Saturday, July 18, 2009

Comment to a Paulene Chen Column

The post below was originally made on a NYT Blog, "Do Doctors Have Time for Empathy?" (
that was linked to a column written by Paulene Chen, MD. Dr. Chen, a transplant surgeon, has a wonderful column, Doctor and Patient, that appears regularly in the NYT. The original column was entitled, Taking Time for Empathy,

I recommend reading Dr. Chen's columns, as well as the comments available for each column. See also the links listed at the end of my post.

Here is the post:

I hope this does not sound self-serving. My entire professional life as a physican, teacher, researcher, consultant has been devoted to promoting empathy and patient and family-centered care within the context of clinician-patient interactions. I am passionate about empathy.
So, soon after getting an e-mail with a link to Dr. Chen’s moving column, I eagerly read every word of every comment listed here. I found myself resonating with many comments….especially by those of you who were willing to share their stories about their experience as patients and family members.

As Drs. Back, Chen and others have noted in their comments, there is now a growing body of research indicating that empathy matters. Clinician empathy is associated with a range of outcomes including not only patient satisfaction and trust, but also follow-through with medical recommendations and improved health care status.

There is also a growing evidence base indicating that empathy can indeed by taught, at any level, even years after completing professional training. Training is necessary but not sufficient. Even though most schools have courses in clinician-patient communication - I used to help run one - the “hidden curriculum, which refers to negative role-modeling from less enlightened faculty can undermine more formal educational opportunities. As several physicians have mentioned on in this thread, it was the example of their mentors that had the most lasting impression on them. We need more caring, empathic medical faculty (like Drs. Back and Chen) who walk the walk, as well as talk the talk.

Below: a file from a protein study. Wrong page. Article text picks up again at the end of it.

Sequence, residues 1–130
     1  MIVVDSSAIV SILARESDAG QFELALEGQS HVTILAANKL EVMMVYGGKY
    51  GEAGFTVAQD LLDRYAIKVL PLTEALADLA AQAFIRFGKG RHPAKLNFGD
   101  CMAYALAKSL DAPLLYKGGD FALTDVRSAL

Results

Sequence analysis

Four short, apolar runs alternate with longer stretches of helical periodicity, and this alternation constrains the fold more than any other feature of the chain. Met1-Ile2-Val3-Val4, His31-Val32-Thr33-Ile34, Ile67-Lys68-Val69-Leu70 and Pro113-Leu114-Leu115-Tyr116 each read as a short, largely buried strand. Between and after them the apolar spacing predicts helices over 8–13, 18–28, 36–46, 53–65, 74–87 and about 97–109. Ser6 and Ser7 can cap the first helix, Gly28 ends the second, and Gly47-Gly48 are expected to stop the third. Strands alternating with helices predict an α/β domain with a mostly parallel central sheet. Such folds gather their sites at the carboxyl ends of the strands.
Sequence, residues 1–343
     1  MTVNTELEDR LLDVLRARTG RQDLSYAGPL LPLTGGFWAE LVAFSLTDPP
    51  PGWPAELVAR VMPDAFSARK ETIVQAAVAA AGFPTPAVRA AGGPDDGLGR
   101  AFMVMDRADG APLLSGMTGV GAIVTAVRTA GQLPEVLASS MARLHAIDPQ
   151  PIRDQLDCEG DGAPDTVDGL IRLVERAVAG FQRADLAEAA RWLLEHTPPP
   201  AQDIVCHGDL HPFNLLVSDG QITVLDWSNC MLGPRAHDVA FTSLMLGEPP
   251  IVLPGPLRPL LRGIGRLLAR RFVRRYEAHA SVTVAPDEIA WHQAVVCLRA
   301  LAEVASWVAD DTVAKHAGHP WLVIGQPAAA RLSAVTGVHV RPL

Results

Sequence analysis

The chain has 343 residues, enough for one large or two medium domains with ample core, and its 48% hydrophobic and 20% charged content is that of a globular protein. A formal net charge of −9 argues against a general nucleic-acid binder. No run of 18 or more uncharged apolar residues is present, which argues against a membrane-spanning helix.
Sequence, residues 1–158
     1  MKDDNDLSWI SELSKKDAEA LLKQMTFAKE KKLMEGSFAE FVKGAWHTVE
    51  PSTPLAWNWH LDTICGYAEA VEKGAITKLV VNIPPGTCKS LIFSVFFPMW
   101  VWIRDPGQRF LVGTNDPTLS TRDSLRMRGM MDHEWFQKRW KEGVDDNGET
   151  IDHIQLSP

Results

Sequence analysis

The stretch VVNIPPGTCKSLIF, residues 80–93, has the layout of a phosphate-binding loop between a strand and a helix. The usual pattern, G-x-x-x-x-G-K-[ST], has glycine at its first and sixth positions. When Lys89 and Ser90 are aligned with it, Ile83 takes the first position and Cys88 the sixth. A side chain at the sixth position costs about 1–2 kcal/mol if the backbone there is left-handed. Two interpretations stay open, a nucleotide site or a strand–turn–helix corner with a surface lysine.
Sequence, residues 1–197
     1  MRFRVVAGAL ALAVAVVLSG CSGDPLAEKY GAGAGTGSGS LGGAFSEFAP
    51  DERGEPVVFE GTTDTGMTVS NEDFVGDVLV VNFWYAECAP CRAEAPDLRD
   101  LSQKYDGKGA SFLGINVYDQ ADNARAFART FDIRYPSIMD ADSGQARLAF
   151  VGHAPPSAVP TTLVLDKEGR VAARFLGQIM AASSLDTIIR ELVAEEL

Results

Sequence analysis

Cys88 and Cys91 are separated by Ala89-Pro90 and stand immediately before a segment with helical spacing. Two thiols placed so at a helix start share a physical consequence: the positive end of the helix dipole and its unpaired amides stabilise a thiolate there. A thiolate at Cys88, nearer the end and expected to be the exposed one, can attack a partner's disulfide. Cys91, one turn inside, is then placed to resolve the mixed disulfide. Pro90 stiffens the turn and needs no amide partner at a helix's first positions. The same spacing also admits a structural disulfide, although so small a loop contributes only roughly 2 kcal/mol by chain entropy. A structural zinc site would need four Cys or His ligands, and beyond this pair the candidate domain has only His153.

I could go on…but I rather read what you all are writing. Thanks so much for this opportunity to read and respond.

BTW, if anyone wants to learn about efforts to teach empathy and other core communication skills to health care professionals see: and

Michael Goldstein
From Pauline Chen: Thank you, Dr. Goldstein, for all your important and hopeful work in this area and for including those links.— Michael Goldstein

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